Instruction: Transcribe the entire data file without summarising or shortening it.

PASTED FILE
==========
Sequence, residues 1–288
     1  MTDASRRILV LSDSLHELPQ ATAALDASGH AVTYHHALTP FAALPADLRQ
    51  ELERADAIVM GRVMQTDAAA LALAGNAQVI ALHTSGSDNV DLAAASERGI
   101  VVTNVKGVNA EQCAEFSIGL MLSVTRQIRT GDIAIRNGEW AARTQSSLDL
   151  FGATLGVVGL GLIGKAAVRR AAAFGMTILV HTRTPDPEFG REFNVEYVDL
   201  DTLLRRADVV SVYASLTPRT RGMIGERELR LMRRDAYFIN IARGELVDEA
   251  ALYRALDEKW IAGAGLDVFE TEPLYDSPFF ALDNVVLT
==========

Sequence, residues 1–288
     1  MTDASRRILV LSDSLHELPQ ATAALDASGH AVTYHHALTP FAALPADLRQ
    51  ELERADAIVM GRVMQTDAAA LALAGNAQVI ALHTSGSDNV DLAAASERGI
   101  VVTNVKGVNA EQCAEFSIGL MLSVTRQIRT GDIAIRNGEW AARTQSSLDL
   151  FGATLGVVGL GLIGKAAVRR AAAFGMTILV HTRTPDPEFG REFNVEYVDL
   201  DTLLRRADVV SVYASLTPRT RGMIGERELR LMRRDAYFIN IARGELVDEA
   251  ALYRALDEKW IAGAGLDVFE TEPLYDSPFF ALDNVVLT